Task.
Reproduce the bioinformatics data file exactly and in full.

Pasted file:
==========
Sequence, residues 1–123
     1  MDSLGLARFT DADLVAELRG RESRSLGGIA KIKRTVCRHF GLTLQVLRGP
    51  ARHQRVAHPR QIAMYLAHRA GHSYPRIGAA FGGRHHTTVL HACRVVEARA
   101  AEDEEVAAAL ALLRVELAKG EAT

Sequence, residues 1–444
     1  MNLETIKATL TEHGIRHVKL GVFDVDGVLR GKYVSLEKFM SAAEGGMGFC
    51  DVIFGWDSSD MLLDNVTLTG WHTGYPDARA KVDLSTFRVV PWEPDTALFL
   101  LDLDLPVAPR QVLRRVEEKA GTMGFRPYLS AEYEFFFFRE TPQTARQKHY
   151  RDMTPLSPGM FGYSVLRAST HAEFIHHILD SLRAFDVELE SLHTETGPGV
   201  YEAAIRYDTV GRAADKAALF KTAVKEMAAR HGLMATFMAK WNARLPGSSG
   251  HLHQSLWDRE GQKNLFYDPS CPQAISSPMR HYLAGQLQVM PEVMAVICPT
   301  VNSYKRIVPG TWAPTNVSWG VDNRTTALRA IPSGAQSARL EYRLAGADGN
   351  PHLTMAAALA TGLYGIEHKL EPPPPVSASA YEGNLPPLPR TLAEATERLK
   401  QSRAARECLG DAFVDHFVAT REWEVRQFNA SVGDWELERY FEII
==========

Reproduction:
Sequence, residues 1–123
     1  MDSLGLARFT DADLVAELRG RESRSLGGIA KIKRTVCRHF GLTLQVLRGP
    51  ARHQRVAHPR QIAMYLAHRA GHSYPRIGAA FGGRHHTTVL HACRVVEARA
   101  AEDEEVAAAL ALLRVELAKG EAT

Sequence, residues 1–444
     1  MNLETIKATL TEHGIRHVKL GVFDVDGVLR GKYVSLEKFM SAAEGGMGFC
    51  DVIFGWDSSD MLLDNVTLTG WHTGYPDARA KVDLSTFRVV PWEPDTALFL
   101  LDLDLPVAPR QVLRRVEEKA GTMGFRPYLS AEYEFFFFRE TPQTARQKHY
   151  RDMTPLSPGM FGYSVLRAST HAEFIHHILD SLRAFDVELE SLHTETGPGV
   201  YEAAIRYDTV GRAADKAALF KTAVKEMAAR HGLMATFMAK WNARLPGSSG
   251  HLHQSLWDRE GQKNLFYDPS CPQAISSPMR HYLAGQLQVM PEVMAVICPT
   301  VNSYKRIVPG TWAPTNVSWG VDNRTTALRA IPSGAQSARL EYRLAGADGN
   351  PHLTMAAALA TGLYGIEHKL EPPPPVSASA YEGNLPPLPR TLAEATERLK
   401  QSRAARECLG DAFVDHFVAT REWEVRQFNA SVGDWELERY FEII